Dental implants have been the subject of over 35 years of intensive research worldwide, proving them to be a safe, effective dental procedure.
With more than three decades of clinical experience and over a million patients treated, implants are highly successful. Dental Implants have a success rate of approximately 95%. The first patient who had dental implants placed in 1965 still has his original implants in function today.
Clinical studies have shown that implant supported replacement teeth is a viable treatment option. Dental implants have been used to replace teeth for more than 30 years now and have been shown to be very successful.
Dental implants are designed to be permanent. However, many factors contribute to the long-term success of implant treatment such as home care and regular maintenance visits to the dentist.
Virtually all dental implants in use today are made from titanium or its alloy. The titanium is safe, biocompatible, and is used in medical orthopedic surgeries.
Nearly everyone who is missing one or more teeth and in general good health is a candidate for dental implant treatment. There are a few medical conditions that can undermine the success of implant treatment such as leukemia and other diseases that affect healing or present a surgical risk. However, there are very few conditions that would keep someone from having implant treatment altogether. Patients healthy enough to undergo a routine dental extraction are generally healthy enough to have implants placed.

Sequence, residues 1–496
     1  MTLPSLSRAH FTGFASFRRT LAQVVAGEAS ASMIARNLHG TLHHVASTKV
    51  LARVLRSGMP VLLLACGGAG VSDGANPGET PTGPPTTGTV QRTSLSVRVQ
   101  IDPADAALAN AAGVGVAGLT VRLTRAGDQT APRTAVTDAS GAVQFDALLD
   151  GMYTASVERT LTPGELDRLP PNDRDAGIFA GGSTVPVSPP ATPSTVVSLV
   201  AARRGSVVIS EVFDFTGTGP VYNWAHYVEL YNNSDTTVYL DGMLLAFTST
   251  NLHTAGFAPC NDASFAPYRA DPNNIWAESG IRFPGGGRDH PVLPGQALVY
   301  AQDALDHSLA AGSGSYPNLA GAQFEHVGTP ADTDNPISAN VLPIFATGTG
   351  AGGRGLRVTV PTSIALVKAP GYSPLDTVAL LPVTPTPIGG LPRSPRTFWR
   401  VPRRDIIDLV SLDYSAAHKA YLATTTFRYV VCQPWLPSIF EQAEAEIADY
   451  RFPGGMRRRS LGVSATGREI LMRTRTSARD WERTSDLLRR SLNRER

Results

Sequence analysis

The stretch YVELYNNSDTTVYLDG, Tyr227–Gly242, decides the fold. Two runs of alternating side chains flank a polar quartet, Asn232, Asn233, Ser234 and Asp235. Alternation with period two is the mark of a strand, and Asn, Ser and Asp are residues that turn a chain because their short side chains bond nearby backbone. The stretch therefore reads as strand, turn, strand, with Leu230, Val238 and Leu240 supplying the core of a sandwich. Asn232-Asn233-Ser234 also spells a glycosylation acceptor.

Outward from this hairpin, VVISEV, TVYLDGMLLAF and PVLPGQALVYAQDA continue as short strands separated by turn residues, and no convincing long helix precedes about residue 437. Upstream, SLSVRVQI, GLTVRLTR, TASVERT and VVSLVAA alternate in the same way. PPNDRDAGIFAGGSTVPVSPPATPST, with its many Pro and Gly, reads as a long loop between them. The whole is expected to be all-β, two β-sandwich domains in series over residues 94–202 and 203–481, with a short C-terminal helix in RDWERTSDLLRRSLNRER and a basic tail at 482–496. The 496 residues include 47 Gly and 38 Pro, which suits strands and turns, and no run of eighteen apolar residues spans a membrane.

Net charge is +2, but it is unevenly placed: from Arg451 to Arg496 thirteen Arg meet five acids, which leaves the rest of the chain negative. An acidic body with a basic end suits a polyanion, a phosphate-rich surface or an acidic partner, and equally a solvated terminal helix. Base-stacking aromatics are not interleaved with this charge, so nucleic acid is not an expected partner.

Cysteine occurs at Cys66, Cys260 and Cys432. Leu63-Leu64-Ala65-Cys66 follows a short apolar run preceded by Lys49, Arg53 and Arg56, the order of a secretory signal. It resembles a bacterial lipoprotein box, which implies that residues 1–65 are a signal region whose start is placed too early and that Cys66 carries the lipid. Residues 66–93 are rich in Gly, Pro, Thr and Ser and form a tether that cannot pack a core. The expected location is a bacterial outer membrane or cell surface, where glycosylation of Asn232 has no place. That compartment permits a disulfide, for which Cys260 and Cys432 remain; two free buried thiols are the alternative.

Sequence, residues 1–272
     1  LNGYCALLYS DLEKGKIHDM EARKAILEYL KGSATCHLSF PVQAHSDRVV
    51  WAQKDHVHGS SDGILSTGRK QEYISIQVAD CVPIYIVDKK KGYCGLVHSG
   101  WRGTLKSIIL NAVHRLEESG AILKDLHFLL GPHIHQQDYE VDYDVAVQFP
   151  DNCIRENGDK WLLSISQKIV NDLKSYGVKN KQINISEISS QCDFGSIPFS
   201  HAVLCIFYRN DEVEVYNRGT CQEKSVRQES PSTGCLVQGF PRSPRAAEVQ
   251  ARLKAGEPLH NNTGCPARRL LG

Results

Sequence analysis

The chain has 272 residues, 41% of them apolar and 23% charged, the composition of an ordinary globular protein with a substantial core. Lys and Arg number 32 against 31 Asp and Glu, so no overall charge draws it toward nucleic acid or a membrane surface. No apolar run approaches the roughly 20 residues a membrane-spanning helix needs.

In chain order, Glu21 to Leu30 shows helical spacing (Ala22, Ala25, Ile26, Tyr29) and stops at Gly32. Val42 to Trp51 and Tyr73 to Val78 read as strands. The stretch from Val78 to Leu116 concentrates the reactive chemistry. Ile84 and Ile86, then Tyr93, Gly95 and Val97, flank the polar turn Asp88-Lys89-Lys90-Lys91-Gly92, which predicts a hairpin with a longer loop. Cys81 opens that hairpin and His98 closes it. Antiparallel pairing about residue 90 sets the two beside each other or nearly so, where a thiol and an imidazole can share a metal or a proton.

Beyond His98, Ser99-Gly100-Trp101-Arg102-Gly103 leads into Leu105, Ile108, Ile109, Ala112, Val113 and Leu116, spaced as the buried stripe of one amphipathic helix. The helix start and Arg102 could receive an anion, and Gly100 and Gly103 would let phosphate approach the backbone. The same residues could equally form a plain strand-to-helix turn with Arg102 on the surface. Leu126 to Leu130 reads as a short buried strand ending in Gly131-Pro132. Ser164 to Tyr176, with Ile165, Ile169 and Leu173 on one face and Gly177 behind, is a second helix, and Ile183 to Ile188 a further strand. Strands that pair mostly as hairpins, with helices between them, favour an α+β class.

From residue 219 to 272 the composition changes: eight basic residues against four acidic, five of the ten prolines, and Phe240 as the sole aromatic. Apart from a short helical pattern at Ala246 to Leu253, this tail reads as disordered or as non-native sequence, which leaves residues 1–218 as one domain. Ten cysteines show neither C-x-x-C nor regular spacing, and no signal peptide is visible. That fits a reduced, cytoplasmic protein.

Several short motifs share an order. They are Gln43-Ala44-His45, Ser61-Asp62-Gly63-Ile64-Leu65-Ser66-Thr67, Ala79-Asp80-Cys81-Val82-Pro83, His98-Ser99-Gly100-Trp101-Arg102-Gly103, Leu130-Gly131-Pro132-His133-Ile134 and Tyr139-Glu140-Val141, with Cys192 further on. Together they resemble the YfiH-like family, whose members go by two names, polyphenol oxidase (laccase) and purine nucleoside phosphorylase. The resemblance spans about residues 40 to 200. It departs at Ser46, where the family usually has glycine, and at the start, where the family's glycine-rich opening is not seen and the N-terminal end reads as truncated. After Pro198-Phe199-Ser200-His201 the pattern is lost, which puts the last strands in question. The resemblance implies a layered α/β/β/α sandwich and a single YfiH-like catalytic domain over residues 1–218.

Quality and quantity of available bone for implant placement is more often a factor in qualifying for dental implants than medical conditions.
Age is NOT a deterrent. Patients from 15 to 90 years of age have had implants. In some cases the amount of available bone is not sufficient to accept the implant. In these patients, new bone can be often added to allow for proper implant placement.
Reaction to the placement of implants varies from patient to patient, and is directly related to the number of implants placed. Typically, patients report that the placement of the implant is the same as having a tooth removed. Normally you can resume normal activities the following day.
Where extensive surgery is performed, you may require 4 or 5 days to resume your normal activities.
In many cases it is possible. The existing denture can be modified to fit over the implants. However, each case is different. Your dentist may suggest making a new denture or having your present denture relined. The decision will be made in order to provide you with the best possible results.
Yes. The denture will require some minor adjustments. Usually a soft-liner is placed so as not to disturb the healing process. This liner may have to be replaced every one to two months until the final denture is fitted. On occasion, your dentist may ask you to not wear your denture for the first few days immediately after placement of the implants.